A graduate of the University of Iowa Writers' Workshop, Fischer began publishing poetry in the late 1970s as part of a San Francisco Bay Area group of experimental writers. The latest of his 15 collections are Conflict (Chax Press 2012) and The Strugglers (Singing Horse Press, 2013).  His translation of the Hebrew psalms, Opening to You, published by Viking Compass in 2002, is widely read in both Jewish and Christian circles. His most recent prose works are Sailing Home: Using the Wisdom of Homer's Odyssey to Navigate Life's Perils and Pitfalls (Simon and Schuster 2008) and Training in Compassion: Zen Teachings on the Practice of Lojong (Shambhala 2013). 

"We're very excited that Norman Fischer has agreed to be this year's Baccalaureate speaker. He's been active in interfaith dialogue far beyond his own tradition as well as adapting Buddhist teachings to the domains of business and law," said Scotty McLennan, Stanford's dean for religious life. "For example, Senior Associate Dean for Religious Life Patricia Karlin-Neumann has appreciated his beautiful translation of the psalms, which we have used during Sunday services at Memorial Church, and I have noted his regular workshops for business people at the Green Gulch Farm Zen Center in Marin. I expect him to widen graduates' perspectives while providing a lot of depth for their life after Stanford."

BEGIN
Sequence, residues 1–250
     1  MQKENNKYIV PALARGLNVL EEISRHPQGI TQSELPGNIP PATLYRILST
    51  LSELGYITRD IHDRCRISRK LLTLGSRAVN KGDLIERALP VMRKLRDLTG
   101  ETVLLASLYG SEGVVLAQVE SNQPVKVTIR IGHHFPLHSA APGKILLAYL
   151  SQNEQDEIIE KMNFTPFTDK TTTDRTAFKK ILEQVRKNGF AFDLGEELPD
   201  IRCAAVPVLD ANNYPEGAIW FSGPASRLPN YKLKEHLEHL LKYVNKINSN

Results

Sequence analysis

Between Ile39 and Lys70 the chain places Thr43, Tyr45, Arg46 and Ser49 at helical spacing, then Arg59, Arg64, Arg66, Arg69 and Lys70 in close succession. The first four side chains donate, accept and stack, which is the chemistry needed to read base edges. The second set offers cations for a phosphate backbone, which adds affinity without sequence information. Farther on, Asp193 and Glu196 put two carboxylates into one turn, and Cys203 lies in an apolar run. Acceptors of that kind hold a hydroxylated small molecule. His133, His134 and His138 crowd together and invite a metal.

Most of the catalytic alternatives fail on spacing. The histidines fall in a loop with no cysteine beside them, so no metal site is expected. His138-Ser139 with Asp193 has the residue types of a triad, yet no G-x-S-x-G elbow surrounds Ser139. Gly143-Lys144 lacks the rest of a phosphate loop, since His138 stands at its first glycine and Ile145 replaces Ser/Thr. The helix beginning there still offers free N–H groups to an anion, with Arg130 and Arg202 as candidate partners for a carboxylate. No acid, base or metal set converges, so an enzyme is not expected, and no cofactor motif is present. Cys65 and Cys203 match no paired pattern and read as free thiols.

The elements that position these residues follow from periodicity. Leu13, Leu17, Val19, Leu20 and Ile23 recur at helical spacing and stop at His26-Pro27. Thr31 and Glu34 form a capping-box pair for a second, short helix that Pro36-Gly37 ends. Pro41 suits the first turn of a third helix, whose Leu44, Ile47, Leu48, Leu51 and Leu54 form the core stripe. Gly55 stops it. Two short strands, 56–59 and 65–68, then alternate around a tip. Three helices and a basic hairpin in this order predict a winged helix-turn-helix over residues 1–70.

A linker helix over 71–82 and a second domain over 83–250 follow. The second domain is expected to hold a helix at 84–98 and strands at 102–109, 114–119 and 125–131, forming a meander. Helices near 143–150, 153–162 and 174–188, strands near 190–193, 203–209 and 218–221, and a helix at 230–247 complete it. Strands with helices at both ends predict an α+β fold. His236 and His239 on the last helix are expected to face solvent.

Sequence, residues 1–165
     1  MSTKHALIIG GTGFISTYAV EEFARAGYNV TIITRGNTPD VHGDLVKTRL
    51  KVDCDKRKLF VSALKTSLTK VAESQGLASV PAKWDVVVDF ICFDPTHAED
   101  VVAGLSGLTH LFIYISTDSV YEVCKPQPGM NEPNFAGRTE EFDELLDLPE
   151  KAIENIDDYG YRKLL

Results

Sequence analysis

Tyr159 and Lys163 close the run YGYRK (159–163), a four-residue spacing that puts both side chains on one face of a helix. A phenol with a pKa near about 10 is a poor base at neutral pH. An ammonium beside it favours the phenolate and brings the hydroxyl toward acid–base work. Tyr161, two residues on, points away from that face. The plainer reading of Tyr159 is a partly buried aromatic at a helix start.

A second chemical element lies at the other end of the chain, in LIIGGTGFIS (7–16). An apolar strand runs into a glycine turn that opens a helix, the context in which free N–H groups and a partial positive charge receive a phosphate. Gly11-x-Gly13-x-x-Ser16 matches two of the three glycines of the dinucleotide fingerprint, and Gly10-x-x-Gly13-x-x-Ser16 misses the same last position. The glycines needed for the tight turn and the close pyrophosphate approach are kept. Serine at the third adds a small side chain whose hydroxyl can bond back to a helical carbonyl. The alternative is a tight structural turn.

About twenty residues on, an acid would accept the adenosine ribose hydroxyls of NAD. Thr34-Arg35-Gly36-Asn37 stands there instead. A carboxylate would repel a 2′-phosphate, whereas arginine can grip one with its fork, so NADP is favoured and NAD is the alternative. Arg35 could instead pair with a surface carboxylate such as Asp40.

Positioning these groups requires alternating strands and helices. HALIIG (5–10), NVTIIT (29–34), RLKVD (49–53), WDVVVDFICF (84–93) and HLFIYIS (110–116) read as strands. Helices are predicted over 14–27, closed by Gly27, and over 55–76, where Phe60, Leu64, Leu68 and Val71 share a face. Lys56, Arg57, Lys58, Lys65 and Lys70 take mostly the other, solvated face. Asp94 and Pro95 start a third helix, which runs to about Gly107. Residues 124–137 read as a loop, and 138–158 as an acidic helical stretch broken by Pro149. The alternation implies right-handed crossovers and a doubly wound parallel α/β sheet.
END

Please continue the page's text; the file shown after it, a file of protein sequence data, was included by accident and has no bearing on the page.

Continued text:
The class presidents added: "We are excited to welcome the multitalented Norman Fischer as the Class of 2014's Baccalaureate speaker. His emphasis on accessibility, openness and interfaith dialogue present a model for practicing spirituality and promoting peace in the modern world. We are looking forward to hearing his exceptional story and gaining valuable perspective on how to include these same values in our own lives."

Stanford's 123rd Commencement, Class Day lecture and Baccalaureate ceremony are part of a celebration for graduates, their families and friends, and members of the Stanford community. The Baccalaureate ceremony will be held on the Main Quad and the Class Day lecture will be held in Maples Pavilion, both on Saturday, June 14. Commencement will be held in the Stanford Stadium on Sunday, June 15.

Lisa Lapin, University Communications: (650) 725-8396,,